|Aspirin or Salicylates toxicity
|Ethylene glycol toxicity
|Renal Tubular Acidosis
Thin, weak, muscle aches
Extra strength Q2 she takes
Large anion gap Link to author
Pyroglutamic acidosis. Elevated pyroglutamic acid is an example of an endogenous acid. Seen in those who are already glutathione-depleted
- Acidosis due to glutathione depletion
- Pyroglutamic acid is produced from Gamma-glutamyl cysteine by the enzyme Gamma-glutamyl cyclotransferase
- When glutathione levels are low, the activity of Gamma-glutamyl cyclotransferase is increased, resulting pyroglutamic acid accumulation.
- Glutathione is acutely depleted by paracetamol and sepsis; it can also be chronically depleted in liver disease and malnutrition.
- Paracetamol ingestion, Severe sepsis
- Renal failure, Female gender
- Chronic alcoholism or Chronic liver failure of any cause
- Weird diet, or malnutrition in general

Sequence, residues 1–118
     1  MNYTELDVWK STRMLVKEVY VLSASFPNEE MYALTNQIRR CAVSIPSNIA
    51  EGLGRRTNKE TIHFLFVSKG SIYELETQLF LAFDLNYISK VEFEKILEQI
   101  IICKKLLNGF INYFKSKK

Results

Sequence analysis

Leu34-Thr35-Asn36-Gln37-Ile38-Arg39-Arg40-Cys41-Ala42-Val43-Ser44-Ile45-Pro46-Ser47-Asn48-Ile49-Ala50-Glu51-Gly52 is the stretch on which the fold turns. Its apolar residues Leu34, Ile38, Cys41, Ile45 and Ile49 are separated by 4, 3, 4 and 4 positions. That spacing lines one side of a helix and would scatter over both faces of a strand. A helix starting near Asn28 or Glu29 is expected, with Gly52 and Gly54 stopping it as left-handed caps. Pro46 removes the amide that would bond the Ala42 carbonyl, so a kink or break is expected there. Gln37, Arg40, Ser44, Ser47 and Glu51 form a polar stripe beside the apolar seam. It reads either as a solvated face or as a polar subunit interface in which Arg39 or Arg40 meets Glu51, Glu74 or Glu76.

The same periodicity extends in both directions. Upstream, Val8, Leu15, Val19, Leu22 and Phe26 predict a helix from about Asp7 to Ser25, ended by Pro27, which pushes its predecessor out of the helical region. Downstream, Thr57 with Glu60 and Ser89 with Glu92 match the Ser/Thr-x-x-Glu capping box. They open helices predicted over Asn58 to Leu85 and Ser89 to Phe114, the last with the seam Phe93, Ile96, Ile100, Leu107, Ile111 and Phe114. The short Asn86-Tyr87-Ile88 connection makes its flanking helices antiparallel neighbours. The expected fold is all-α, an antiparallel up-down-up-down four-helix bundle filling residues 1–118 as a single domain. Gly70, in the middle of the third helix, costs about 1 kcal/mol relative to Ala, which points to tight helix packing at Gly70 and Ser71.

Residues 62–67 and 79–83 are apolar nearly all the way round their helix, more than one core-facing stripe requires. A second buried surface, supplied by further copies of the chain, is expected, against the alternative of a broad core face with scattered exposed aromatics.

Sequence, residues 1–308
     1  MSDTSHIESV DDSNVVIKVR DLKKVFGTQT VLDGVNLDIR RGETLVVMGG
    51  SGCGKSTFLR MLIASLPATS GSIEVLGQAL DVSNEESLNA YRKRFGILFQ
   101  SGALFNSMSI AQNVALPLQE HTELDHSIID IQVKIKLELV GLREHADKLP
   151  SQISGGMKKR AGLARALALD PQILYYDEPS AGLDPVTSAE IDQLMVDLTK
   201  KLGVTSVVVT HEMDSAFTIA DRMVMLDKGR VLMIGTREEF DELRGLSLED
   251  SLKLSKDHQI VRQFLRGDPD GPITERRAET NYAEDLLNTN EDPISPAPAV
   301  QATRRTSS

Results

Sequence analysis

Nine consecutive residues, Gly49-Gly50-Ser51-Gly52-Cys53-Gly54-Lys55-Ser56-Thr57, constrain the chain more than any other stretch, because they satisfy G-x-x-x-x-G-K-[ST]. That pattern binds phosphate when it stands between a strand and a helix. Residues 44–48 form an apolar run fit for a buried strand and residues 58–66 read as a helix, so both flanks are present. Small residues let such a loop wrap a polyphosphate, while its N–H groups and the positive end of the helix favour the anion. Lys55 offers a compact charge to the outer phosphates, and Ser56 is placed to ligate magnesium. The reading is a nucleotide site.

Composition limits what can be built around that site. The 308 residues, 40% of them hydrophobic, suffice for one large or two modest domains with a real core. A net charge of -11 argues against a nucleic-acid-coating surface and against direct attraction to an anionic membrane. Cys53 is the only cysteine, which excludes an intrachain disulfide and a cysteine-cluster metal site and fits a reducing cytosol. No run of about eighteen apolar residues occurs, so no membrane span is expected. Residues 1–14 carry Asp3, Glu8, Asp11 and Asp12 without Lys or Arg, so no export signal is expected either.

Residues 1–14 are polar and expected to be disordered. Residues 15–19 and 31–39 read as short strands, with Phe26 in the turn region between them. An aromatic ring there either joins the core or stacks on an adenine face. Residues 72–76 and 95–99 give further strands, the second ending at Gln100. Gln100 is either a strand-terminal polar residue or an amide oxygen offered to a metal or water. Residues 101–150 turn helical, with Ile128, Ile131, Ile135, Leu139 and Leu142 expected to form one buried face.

- Dysfunction of 5-oxoprolinase
- Flucloxacillin, Vigabatrin
- Netilmicin (but apparently not any other aminoglycosides)
- Inherited enzyme deficiency (known only from case reports)
- Gender-specific difference in enzyme activity (women seem more prone to this acidosis)
- Diminished 5-oxoproline clearance
- Acidotic Kussmaul's respiration
- May have sepsis
- ABG: Marked metabolic acidosis with a high anion gap.
- Lactate and ketones may be normal.
- Management comprises cessation of paracetamol/fluxcloxacillin and the administration of bicarbonate (and other electrolyte) supplements ± N-acetyl cysteine. Glutathione repletion (with N-acetylcysteine)
- Protection of satisfactory diuresis (5-oxoproline is cleared renally)
- Mixed acid-base disorders are often present and specialist input may be required to reach a complete diagnosis.
- Dialysis may be needed in some cases. Take senior advice.